What You’ll Need:

  • Dish soap
  • Baking soda
  • Vinegar
  • Glycerin
  • Spoon or dull knife

Step 1: Use a spoon or dull knife to lift away any chunks of chocolate gently without smearing it in.

Step 2: Blot surrounding fabric with a towel then run the back under cold water to flush it out.

Step 3: Mix a spoonful of dishwashing liquid with 1 cup cold water. Use a corner of a towel to work this soapy solution into the stain gently.

Step 4: In a separate cup, make a paste from baking soda and water. Carefully smear this over the stain without rubbing aggressively.

Step 5: Once dry, rinse away the baking soda paste under a stream of cold water. Check if the stain has lifted.

Step 6: For any leftover bits of stain, make a 50/50 mixture of white vinegar and water. Dab this onto the stain with a sponge or towel for 2-3 minutes.

Step 7: Rinse vinegar solution out before applying a few drops of glycerin only on stained area. This helps attract out dye.

Step 8: Let glycerin sit for 15 minutes then rinse with cold water. Reshape and air dry the satin.

Makeup Stains on Satin

What You’ll Need:

  • Rubbing alcohol
  • Dish soap
  • Small bowl of cold water
  • Terry cloth towel
  • Cotton swabs

Step 1: Lay the satin facedown on a terry towel to absorb excess makeup and prevent back-staining.

Step 2: Dip a cotton swab in rubbing alcohol and gently roll across stain to dissolve pigment.

Step 3: Flip over swab and press backside onto the stain to lift dissolved makeup. Repeat using fresh edges.

Step 4: When pigment is somewhat lightened, rinse the back of fabric under cold water while actively dabbing front with a towel.

Step 5: Make a dilute solution of clear dish soap and lukewarm water in a bowl.

Step 6: Dip corner of towel in soapy mixture. Gently sponge and release onto the stain to emulsify remaining oils and pigment.

Step 7: Rinse under a steady stream of cold water until no more soap bubbles emerge.

Step 8: Reshape and lay flat or hang to air dry. Apply fabric protector spray once fully dry.

Oil Stains on Satin

What You’ll Need:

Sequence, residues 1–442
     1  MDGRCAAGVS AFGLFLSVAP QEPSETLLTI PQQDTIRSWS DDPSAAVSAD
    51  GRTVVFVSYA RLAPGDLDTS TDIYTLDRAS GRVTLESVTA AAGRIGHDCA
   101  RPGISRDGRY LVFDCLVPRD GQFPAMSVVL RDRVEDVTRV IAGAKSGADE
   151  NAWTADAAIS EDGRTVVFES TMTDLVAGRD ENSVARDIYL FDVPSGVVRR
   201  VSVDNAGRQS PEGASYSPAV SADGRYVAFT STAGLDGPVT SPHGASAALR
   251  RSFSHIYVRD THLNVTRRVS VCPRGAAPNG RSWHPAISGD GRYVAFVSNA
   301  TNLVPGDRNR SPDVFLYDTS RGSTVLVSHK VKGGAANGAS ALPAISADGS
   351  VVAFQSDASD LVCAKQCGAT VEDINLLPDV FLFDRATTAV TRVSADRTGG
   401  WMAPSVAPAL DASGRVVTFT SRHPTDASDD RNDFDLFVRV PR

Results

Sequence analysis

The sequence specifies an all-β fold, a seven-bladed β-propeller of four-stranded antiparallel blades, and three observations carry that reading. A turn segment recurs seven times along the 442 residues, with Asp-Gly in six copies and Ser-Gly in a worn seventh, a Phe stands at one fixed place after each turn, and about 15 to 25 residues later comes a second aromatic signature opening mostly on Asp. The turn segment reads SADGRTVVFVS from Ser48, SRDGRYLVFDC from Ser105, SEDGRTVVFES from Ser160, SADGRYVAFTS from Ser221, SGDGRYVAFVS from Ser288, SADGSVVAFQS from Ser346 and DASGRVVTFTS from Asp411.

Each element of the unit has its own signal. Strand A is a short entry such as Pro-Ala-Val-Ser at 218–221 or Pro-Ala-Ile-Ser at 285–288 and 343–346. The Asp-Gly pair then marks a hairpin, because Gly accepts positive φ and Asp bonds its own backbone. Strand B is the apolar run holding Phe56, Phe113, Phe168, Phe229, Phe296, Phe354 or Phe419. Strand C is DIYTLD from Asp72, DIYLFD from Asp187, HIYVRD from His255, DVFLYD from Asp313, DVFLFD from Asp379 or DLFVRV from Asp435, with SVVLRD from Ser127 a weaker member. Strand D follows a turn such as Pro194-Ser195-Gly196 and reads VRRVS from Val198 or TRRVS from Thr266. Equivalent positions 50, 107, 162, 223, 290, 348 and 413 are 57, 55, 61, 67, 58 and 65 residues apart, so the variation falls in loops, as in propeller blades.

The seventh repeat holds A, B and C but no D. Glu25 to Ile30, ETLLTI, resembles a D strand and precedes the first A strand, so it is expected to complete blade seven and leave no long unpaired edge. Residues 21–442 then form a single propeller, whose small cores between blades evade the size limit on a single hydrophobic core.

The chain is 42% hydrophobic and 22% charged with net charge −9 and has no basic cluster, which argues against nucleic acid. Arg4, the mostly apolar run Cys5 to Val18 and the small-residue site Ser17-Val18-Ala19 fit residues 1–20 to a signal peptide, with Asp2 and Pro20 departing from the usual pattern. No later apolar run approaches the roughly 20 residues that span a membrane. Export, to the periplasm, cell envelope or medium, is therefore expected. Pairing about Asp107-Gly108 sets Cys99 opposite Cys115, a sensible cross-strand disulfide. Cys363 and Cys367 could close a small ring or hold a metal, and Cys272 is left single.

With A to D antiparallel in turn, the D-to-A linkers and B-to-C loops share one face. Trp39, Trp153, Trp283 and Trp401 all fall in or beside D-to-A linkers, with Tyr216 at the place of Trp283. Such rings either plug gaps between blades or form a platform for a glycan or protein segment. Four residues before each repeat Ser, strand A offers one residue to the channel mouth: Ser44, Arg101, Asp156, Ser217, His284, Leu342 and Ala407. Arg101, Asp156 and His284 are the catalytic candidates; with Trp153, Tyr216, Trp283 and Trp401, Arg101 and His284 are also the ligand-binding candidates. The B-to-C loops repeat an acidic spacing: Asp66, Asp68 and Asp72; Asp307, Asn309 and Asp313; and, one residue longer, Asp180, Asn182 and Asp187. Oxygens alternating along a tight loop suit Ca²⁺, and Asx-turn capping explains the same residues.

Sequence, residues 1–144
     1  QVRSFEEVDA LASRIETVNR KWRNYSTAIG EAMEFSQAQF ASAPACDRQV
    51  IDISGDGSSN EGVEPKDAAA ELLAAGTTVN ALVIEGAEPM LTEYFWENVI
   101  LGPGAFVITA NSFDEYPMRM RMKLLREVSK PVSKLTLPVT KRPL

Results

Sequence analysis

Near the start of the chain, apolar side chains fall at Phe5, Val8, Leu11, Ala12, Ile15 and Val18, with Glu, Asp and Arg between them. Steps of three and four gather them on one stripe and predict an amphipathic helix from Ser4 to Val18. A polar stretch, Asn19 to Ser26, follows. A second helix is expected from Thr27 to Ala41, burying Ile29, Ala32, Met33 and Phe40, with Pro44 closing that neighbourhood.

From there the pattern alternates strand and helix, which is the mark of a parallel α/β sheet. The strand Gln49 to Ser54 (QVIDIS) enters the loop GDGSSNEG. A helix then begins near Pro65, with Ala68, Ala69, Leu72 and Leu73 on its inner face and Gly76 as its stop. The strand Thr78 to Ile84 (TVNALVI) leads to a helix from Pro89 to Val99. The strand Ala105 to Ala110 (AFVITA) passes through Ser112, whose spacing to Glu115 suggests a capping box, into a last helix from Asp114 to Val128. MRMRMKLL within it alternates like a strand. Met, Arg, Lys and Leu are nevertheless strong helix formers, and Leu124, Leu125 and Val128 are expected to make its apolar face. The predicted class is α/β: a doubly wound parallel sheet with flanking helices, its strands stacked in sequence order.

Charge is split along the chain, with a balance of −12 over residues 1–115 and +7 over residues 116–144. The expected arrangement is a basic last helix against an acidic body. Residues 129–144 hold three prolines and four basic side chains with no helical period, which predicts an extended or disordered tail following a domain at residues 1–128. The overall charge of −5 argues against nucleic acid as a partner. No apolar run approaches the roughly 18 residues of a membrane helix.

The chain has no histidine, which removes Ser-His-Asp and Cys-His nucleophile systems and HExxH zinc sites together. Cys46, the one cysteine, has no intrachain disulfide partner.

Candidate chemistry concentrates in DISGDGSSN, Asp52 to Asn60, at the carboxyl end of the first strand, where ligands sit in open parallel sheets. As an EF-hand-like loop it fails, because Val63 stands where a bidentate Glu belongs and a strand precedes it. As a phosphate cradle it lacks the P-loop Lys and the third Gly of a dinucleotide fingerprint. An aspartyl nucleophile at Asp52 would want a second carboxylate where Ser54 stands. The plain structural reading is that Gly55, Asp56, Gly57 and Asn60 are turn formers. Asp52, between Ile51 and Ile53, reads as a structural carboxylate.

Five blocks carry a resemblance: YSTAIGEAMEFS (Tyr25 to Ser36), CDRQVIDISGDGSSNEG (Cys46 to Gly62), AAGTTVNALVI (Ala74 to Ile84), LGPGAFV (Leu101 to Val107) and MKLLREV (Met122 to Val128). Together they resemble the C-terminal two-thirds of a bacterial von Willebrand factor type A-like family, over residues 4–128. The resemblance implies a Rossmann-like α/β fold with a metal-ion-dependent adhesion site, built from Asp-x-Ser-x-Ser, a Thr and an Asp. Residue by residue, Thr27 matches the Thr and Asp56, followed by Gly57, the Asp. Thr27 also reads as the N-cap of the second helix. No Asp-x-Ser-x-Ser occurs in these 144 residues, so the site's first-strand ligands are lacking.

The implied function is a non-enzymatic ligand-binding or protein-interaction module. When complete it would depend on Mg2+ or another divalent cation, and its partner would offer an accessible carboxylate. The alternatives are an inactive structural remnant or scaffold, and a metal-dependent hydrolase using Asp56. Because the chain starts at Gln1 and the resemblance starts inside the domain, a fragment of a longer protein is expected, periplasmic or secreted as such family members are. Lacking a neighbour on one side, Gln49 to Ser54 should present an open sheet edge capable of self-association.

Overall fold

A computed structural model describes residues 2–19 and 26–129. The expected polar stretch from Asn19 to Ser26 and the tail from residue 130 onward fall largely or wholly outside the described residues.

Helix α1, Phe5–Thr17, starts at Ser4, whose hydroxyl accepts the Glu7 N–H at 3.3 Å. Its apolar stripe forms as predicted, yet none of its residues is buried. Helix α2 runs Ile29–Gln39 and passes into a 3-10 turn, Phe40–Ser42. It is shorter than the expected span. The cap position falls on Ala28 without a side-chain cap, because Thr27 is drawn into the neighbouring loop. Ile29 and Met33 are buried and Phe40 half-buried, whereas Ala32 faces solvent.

• WD-40 Specialized Cleaner
  • Talcum or baby powder
  • Terry cloth towels

Step 1: Lay the satin facedown on white towels to wick staining. Sprinkle baby powder liberally on back of stain.

Step 2: Let powder sit 1 hour to absorb excess grease. Then shake off residue gently.

Step 3: Apply a small amount of WD-40 stain cleaner directly on oil stain. Use fingertips to gently work into fabric.

Step 4: Place more towels underneath and let WD-40 sit for 5 minutes to dissolve oils.

Step 5: Position satin with stain facing down in sink or basin. Run a steady stream of cold water across back of stain so water flushes through fabric rather than directly on stain.

Step 6: Check if stain has lifted by patting area with a dry section of towel. Repeat WD-40 treatment if needed.

Step 7: Once stain is removed, rinse back thoroughly until water runs clear. Reshape on towels and air dry before spraying with fabric protector.

How to Care for Satin

Use these tips to keep satin looking pristine between wears:


  • Hand wash only using gentle cycles
  • Use mesh bags for delicate fabrics
  • Allow to fully air dry then reshape


  • Keep satin laid flat or hanging
  • Never fold or bunch tightly
  • Use fabric garment bags

Preventing Snags

  • Apply fabric protector spray
  • Hang properly on wide padded hangers
  • Avoid jewelry and accessories that could catch

Treat satin delicately, tackle stains promptly, and care for it properly in storage so it remains soft, shiny, and beautiful.


Satin is notorious for staining easily, but that doesn’t mean you have to live with food, grease, makeup, or ink spots ruining the look. By understanding satin’s delicate nature, acting quickly when spills happen, and using the appropriate gentle cleaning methods for the type of stain, you can keep your satin items pristine. Just be patient, work the stain remover in lightly, rinse thoroughly, and allow satin to fully air dry to prevent water marks or heat damage. With a careful approach and the stain fighting know-how in this article, you can keep your elegant satin free of spots and stains for years of wear.

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As the founder of Clean It Spotless, I am Melissa Walker, a leading expert in removing tough stains from fabrics, carpets, and upholstery. With over 10 years of experience in the cleaning industry, I have developed my own natural, non-toxic stain-fighting formulas that lift stains while preserving the integrity of the underlying material. My stain removal tutorials are widely read online, and I have appeared on local TV segments demonstrating my techniques. I also present popular stain removal workshops at community centers and schools.